Firstly, The Apology I, one of the most important, if not the most important of his works, with strong personal-apologetic accents, in which we can find a lot of im-portant information regarding his decision to convert and lots of other information regarding his own way of understanding the Latin world as a whole, Kydones speaks about ‘that man’ (i.e. Thomas Aquinas) who surpassed all his contemporaries in mat-ters of theology. Using a laudatory language, relatively discreet and without hyperbo-lization and exaggerations, but also without totally ignoring them, he speaks about Aquinas’ person as being known by all and his major work (i.e. Summa contra genti-les) as being the summit of his great wisdom. There are also a few mentions regar-ding Thomas Aquinas’ literary style, characterized as simple, with usual words, the ideas being convincingly and carefully formulated. Even though in Apology I there is no information regarding Kydones’ effective understanding of the Thomistic ways, still we can observe here, broadly speaking, the fact that he accepted, embraced these principles and tried further to promote them among his fellow Byzantines, even if, at the end, the results of his struggle were perhaps not the ones he was hoping for.
The second category – the epistolary literature – represents a step forward in the process of understanding the approach in question. From the whole corpus of letters written by Demetrios Kydones on the present matter, only three letters retain the attention. Yet, only one is the most important: the letter to Maximos Chrysober-ges. In this letter, Demetrios makes a short description of the Thomistic argumentati-on method.
Finally, the third category, and also the most important one, comprises the personal treatises with philosophical theological content (more or less composed in a polemical or argumentative manner) because, here, the Thomistic approach problem is much more emphasized and more detailed.
Among all Kydones’ treatises, the most important, the most clear and carefully composed, regarding the matter we analyze, is the one named Defensio sancti Tho-mae adversus Nilum Cabasilam, a response-type treatise condemning Nilus Cabasilas’ reactions regarding the Thomistic argumentation (Nilus was before that an important admirer of Thomas Aquinas, but it seems he had changed his points of view). If De-metrios speaks in the letter to Chrysoberges about the reasons that made him ex-press such admiration for Thomas Aquinas, describing in few words the clearness and the pure discipline of the Thomistic theology, in the present treatise, he develops considerably the principles of these syllogistic methods converted in a more dynamic way by Aquinas. Kydones’ whole statement gravitates around the essential and fun-damental factor that we find at the grounds of every rational approach: the truth. Actually, the treatise is composed, of course, on Thomistic principles and here Kydo-nes made an obvious difference between the grounds related to reason (lumen ratio-nis), and those related to belief (lumen Revelationis) and, as an extension from these principles, he underlined the difference between demonstrabilia and credibilia. One of Kydones key-ideas, expounded here, is the complementary theory, adopted from Tomas Aquinas and amplified in order to demonstrate the full compatibility between the syllogistic argumentation method and the Christian Revelation grounds on which they are applied.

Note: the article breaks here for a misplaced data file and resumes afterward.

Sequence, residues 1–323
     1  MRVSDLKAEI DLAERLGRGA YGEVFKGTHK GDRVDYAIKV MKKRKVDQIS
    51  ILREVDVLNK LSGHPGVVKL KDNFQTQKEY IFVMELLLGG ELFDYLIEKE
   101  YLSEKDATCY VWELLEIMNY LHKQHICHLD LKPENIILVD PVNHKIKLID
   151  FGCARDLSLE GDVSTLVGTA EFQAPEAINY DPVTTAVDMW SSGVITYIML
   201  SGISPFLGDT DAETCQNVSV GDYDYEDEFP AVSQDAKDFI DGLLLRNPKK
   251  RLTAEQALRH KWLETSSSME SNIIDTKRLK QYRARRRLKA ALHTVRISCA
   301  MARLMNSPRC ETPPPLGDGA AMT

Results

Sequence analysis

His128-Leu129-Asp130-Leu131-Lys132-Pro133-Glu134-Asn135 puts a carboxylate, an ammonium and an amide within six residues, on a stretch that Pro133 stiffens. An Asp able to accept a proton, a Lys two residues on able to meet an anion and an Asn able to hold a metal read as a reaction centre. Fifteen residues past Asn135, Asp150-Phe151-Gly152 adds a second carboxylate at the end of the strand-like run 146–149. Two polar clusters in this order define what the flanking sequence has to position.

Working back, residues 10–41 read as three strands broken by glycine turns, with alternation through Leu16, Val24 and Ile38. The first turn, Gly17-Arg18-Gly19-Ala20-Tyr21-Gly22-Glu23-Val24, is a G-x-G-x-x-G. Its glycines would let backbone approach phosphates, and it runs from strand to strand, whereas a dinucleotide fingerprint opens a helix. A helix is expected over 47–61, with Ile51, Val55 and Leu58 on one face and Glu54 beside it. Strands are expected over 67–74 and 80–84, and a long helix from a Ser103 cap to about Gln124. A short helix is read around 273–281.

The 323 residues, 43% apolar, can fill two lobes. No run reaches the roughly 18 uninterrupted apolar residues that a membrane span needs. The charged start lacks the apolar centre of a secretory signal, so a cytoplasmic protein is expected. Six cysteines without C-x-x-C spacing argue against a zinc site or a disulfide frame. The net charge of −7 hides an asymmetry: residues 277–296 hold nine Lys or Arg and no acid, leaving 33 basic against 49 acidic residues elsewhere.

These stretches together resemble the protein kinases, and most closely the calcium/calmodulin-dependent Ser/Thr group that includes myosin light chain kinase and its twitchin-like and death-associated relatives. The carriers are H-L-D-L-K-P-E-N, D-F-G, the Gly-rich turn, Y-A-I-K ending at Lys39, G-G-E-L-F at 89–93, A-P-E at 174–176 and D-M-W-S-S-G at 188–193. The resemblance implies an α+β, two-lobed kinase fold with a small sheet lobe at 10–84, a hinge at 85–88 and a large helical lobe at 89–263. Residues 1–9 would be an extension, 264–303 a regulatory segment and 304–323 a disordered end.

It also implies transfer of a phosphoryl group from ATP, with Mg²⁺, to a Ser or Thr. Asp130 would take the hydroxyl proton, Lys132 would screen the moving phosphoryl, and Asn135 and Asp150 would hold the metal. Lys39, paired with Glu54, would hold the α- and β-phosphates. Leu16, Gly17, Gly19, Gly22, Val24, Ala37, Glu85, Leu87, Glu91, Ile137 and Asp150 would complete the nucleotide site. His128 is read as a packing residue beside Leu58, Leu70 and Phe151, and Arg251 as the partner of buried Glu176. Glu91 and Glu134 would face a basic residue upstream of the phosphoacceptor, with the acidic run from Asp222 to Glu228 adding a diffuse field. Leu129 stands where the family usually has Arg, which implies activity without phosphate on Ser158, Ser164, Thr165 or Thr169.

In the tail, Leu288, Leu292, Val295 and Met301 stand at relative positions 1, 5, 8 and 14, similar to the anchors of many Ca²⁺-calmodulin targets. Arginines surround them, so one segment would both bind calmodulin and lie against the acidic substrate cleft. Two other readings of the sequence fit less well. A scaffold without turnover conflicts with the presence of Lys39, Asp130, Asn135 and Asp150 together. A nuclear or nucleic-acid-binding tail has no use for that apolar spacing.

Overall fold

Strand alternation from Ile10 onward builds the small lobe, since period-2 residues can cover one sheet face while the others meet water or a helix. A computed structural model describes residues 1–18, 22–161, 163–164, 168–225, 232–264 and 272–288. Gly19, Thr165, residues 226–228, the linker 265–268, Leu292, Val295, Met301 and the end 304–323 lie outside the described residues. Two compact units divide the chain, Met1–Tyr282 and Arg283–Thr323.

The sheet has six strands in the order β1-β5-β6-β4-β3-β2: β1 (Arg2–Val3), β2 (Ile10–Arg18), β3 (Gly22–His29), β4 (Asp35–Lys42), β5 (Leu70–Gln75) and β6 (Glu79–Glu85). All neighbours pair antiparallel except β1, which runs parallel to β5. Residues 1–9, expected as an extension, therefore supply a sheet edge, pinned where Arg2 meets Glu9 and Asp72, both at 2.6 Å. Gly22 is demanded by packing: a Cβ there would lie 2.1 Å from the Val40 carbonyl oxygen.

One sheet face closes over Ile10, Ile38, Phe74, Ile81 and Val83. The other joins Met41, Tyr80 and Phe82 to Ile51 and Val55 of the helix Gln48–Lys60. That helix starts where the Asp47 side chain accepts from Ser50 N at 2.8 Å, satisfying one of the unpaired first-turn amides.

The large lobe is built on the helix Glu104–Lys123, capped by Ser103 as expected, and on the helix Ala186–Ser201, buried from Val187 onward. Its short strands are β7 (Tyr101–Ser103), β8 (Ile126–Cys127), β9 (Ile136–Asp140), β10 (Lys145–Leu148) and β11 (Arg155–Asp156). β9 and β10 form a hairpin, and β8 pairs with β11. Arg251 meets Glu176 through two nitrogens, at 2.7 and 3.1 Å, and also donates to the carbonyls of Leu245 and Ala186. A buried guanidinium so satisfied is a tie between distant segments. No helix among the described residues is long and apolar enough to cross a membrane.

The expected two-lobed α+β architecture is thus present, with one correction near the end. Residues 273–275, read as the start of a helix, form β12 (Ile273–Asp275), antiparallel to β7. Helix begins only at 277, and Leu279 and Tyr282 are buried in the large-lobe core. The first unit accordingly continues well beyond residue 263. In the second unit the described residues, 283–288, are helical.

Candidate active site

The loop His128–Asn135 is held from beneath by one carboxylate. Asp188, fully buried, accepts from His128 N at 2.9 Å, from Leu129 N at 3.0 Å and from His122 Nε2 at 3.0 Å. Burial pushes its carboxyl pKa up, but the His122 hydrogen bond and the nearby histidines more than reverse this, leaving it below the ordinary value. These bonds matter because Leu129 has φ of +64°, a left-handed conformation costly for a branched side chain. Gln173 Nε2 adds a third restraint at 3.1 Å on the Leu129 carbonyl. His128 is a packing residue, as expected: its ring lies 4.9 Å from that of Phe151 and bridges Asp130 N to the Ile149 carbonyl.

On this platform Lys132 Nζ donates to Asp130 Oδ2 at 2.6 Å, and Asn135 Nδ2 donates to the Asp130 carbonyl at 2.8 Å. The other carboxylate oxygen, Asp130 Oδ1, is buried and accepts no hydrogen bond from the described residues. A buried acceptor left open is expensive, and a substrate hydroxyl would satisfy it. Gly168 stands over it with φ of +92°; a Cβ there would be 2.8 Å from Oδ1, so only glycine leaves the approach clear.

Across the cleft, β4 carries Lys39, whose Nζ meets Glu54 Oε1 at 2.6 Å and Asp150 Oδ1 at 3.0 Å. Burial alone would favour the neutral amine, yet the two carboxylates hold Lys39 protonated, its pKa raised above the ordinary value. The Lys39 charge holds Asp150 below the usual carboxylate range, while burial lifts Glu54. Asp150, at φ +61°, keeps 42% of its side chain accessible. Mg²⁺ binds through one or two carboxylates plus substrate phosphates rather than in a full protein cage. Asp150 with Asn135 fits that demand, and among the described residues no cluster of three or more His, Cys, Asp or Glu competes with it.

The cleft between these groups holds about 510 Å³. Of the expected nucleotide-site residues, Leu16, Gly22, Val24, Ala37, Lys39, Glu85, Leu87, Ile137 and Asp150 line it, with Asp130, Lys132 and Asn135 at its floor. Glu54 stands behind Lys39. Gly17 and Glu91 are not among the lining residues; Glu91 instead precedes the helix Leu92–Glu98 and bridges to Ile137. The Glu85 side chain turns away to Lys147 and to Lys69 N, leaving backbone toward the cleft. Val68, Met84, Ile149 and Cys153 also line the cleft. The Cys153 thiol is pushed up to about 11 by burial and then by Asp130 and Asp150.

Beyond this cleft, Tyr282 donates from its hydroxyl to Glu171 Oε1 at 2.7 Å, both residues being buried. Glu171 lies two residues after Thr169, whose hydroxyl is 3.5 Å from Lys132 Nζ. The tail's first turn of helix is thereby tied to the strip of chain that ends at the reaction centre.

Therefore, by studying Demetrios Kydones’ three types of literature, we can observe the fact that, in his personal view, the scholastic argument method is the proper one, perhaps even the only one in the process of seeking the truth. Moreover, he discovers a full, almost perfect compatibility, between the syllogistic method and the Christian Revelation grounds on which it is applied. Yet, even if understood, accepted and promoted by some important Byzantine intellectuals, such as Georgios Gennadios Scholarios, to quote only one example, the Thomistic argument remained far from being fully popular in the Byzantine area, although it was, as mentioned before, founded on the Greek philosophic tradition.

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Pagini: 201-230